We’ve been talking about why everyone’s voice matters. We’ve also been talking about digital citizenship, with a focus on online safety and the importance of protecting our privacy. Both of these topics come together in the VoiceThread below:
If you would like to add to our VoiceThread conversation, you will need to register for an account (it’s a really short process, I promise). You can add a comment by cell phone, or computer microphone, or just type in a message. All comments are approved by me before they go live.
You can also click on the comment link for this post and add a comment. Just like the VoiceThread, I approve all comments before they go live (another digital citizenship lesson).
We are currently reading The Diary of Anne Frank . One item we were initially confused about was the fact that our reading series had placed this selection in the unit entitled “Survival.” We knew that Anne and her mother and sister had all perished in the concentration camps of Nazi Germany, so why place the portion of her diary in the “Survival” Unit? After much discussion we came to the conclusion that Anne had indeed survived, maybe not Anne herself, but her story. Her diary has been translated into something like thirty two different languages….her story is told across numerous countries and in many languages and it stands as a powerful reminder of the horrors of war and the resiliency of the human spirit.
Our discussion so far has blossomed into many different areas. We created a list noting how the Jews were segregated….they couldn’t ride the bus, go to the same school as German children, participate in public sports including swimming, they could only shop at markets which would accept Jewish customers……so many ways. We then searched our minds and were able to see that many of these same discrimination patterns happened to African Americans and Japanese Americans.
Without Anne’s diary we probably would not understand fully the deep personal impact the segregation and hiding had on one little girl and ultimately a nation. Anne is a fine example of how one person really can make a difference even if they do not think they ever will. So remember everyone has the potential to positively impact the world, even through activities that may seem ordinary or mundane.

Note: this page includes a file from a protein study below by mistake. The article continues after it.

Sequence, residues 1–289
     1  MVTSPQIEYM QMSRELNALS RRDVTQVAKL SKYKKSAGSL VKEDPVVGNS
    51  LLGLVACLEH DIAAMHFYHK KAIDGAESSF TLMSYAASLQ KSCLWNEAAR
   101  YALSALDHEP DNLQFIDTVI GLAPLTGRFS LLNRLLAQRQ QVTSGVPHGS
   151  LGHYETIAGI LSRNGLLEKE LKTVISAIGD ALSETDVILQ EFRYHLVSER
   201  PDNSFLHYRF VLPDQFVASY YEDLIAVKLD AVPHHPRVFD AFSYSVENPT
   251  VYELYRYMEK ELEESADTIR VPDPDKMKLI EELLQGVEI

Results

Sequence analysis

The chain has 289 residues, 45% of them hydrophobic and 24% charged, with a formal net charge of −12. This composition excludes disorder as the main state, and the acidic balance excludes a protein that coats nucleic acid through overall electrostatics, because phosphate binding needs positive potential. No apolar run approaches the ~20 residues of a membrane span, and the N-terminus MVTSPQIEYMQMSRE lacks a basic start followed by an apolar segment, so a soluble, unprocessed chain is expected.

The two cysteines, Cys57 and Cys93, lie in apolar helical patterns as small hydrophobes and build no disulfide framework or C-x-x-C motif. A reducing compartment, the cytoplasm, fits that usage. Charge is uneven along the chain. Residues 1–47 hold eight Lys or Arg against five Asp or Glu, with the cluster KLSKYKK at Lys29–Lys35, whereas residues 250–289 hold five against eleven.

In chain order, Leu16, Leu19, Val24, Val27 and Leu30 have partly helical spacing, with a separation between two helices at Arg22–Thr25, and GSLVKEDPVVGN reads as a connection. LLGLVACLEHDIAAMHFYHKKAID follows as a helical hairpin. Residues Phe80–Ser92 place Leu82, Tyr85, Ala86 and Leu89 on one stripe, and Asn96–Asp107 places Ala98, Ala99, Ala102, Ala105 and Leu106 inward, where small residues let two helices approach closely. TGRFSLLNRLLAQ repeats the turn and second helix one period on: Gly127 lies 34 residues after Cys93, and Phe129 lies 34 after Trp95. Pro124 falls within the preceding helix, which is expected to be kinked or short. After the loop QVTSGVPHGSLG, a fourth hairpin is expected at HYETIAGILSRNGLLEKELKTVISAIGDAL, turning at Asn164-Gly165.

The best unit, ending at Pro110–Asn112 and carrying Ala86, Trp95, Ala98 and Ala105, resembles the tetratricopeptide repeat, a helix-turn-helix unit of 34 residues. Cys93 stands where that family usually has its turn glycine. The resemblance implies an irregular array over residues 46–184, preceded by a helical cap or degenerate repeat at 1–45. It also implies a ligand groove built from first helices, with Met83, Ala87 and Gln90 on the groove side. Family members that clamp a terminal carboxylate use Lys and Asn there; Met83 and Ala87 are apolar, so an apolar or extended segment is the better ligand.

What are some examples of ways one person – or even a classroom – can make a difference? In our schools? Our neighborhoods? Our communities? And possibly the world? We invite you to please share your thoughts by posting a comment.
We always hear about the power of one, how one person can make a difference in their community, lives of others, or the world. President Nixon escaped impeachment by one vote, Thomas Jefferson was elected President of the United States by one vote, and Rosa Parks bus ride had long term positive implications.
So if history is any example, one is important. We began to realize the importance of one as our classroom explored the concept of tolerance. However, we really did not understand the long term impact of one. We could not grasp how one of anything could be so important.
Then Mrs. Tsukamoto came to visit, and changed everything. After her visit we were motivated and inspired. She showed us that one could impact many. Our friends in Chico had the same experience with the Holocaust survivors they visited.
Our confidence increased. Then, during the video conference with our friends in Chico, many students took a risk and told how they were bullied. Justin’s story touched a nerve with many of us. He told about accidentally stepping on another student’s toe, and how that student pretended to apologize to him but instead lured him into the restroom where the bullying continued. Justin’s story inspired Mrs. Desler to write her own bullying account. One impacting another one.
So, as this year comes to an end Change Writers, how have you been impacted, touched, inspired or motivated? How will you, in your own way, keep the momentum going?